Fortnite Trial Exposes Scope of 2015 XCodeGhost Attack

Apple and Epic Games suit over Fortnite revealed that the XCodeGhost attack back in 2015 affected 128 million users, said Ars Technica. Apple acknowledged that the attack happened during the incident but did not disclose its extent.

Reports of the XCodeGhost malware emerged six years ago when security researchers found 40 applications in the App Store containing malicious codes. This number blew up to 4,000 as more researchers studied that issue.

According to reports, the malicious codes caused iPhones and iPads to participate in a botnet with the intention of stealing user information, particularly those that are potentially personal and sensitive.

Fortnite Trial Exposes 2015 XCodeGhost Attack

Then, the legal battle between Epic Games and Apple happened, revealing the extent of the attack. This trial occurred as Epic Games accused apple of oppressive App Store policies and monopolizing the App Store and what apps appear on it.

During the trial of the suit filed by Epic Games against Apple, an email presented to the court revealed that Apple executives found 2,500 malicious applications that had been downloaded by 128 million users 203 million times.

The email exchange talked about the intent to send out notifications to affected users, including the logistics of how to notify them. The discussion also mentioned, “accurately including the names of the apps for each customer.”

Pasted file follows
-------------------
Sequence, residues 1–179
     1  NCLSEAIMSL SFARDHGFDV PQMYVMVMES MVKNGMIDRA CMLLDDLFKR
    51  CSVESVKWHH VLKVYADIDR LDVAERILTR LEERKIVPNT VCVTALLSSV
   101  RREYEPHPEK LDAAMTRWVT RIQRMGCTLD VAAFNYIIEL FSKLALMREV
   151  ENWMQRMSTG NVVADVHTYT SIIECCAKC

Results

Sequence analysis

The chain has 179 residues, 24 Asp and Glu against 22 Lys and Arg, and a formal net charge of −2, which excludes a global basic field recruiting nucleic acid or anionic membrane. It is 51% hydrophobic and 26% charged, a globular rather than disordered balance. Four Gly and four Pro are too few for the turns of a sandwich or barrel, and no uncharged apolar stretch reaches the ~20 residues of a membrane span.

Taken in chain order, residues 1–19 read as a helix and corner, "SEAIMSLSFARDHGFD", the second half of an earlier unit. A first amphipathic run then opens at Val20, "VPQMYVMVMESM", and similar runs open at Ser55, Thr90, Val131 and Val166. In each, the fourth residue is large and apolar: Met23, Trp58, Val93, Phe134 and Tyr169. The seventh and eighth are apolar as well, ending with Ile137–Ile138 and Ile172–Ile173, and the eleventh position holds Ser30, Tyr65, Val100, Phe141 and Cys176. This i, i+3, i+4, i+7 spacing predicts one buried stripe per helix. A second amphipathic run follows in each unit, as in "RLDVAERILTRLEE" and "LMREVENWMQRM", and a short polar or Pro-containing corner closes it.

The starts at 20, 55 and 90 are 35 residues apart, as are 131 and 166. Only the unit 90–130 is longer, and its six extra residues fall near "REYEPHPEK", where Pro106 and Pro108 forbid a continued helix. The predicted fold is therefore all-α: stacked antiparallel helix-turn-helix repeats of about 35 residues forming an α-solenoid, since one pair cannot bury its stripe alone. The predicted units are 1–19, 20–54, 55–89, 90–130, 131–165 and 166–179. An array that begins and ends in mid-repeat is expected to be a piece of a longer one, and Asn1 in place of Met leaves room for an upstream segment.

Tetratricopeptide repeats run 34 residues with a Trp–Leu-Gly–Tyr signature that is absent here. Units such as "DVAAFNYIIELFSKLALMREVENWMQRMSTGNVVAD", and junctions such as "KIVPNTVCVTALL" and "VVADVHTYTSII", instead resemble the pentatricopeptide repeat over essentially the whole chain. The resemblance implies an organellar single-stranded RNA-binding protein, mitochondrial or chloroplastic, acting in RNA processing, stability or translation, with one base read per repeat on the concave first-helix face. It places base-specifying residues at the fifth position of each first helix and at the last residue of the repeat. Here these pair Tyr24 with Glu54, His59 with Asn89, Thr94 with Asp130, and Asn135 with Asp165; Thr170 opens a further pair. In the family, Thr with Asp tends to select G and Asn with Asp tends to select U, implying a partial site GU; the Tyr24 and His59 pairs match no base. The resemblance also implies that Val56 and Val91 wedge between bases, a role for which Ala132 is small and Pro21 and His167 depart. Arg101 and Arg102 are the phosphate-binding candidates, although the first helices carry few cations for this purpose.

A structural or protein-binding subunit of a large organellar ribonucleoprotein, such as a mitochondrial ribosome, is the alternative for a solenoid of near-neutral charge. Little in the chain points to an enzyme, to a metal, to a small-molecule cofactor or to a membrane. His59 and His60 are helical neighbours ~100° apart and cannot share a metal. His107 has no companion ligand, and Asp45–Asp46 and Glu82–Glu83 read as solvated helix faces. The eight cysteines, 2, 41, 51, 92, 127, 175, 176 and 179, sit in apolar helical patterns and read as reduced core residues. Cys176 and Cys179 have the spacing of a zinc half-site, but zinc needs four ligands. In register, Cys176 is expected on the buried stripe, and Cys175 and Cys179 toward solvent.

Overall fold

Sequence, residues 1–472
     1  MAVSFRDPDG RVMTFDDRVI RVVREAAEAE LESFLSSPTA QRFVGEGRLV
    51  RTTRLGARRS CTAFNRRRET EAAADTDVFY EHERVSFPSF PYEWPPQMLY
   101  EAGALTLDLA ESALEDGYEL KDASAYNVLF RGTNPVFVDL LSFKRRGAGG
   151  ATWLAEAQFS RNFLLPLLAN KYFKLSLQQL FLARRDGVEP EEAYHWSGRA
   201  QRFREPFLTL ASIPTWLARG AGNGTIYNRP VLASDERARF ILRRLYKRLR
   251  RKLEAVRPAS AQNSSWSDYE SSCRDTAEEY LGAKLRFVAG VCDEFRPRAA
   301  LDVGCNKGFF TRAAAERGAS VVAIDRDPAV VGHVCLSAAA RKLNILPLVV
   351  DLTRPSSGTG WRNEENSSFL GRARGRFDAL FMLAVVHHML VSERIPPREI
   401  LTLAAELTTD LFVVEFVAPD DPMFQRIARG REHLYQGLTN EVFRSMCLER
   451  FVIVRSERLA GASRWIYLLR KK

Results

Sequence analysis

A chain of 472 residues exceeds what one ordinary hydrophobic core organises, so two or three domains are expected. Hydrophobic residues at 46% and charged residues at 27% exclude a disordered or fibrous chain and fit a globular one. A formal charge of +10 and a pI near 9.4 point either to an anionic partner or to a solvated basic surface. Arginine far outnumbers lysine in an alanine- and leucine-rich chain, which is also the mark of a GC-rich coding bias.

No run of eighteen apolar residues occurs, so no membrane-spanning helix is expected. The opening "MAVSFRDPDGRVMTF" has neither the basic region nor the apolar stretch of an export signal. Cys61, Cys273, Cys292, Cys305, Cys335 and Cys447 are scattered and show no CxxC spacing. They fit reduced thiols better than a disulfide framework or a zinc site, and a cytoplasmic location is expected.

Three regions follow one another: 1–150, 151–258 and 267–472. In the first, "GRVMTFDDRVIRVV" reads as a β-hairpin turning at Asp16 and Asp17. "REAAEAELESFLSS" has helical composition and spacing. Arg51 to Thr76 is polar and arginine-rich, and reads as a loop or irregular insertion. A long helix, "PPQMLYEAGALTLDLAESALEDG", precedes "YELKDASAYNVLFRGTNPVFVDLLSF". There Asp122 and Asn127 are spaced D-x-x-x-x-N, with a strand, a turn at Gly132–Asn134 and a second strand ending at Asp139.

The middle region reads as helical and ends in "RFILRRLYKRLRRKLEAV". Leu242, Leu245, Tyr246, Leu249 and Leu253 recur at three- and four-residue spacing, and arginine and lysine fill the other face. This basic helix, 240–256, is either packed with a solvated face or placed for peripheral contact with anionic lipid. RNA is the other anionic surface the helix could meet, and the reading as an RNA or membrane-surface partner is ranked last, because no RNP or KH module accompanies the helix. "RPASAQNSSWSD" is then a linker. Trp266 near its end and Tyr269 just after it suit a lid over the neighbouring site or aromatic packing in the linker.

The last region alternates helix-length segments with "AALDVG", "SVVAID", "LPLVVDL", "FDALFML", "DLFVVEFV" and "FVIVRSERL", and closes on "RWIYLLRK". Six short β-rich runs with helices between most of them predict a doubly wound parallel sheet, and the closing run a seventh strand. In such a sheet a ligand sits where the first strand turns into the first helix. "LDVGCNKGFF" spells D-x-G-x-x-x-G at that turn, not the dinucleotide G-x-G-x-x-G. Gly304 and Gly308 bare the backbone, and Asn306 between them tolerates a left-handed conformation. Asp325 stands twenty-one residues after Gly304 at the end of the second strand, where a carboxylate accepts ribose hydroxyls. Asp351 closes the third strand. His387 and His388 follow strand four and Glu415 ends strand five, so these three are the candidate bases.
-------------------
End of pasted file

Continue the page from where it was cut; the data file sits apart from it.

However, the company was not able to produce evidence that it sent out such emails, but it did publish a now-deleted post warning users of the XCodeGhost malware. The post explained that XCode is a legitimate Apple app development tool.

However, the infections arose due to app developers using a counterfeit version of XCode, dubbed XCodeGhost.

Slash Gear noted that “Apple would later say that they were not aware of any actual use of the exploit, suggesting that users were still safe despite the number of infected apps and potential victims.”

Meanwhile, this is not the first time that the company’s top brass has been interfering with security problems.

In a 2013 article, it was revealed that executives have received reviews about vulnerabilities in its static analyzer, which allowed researchers to potentially sneak in malicious applications in the App Store. These issues were not revealed to the public until the Ars Technica article in 2013.

These two incidents show that the company has failed to address security issues in the App Store. Epic Games could use this as a weapon to prove that Apple is indeed using its power to control and monopolize the App Store.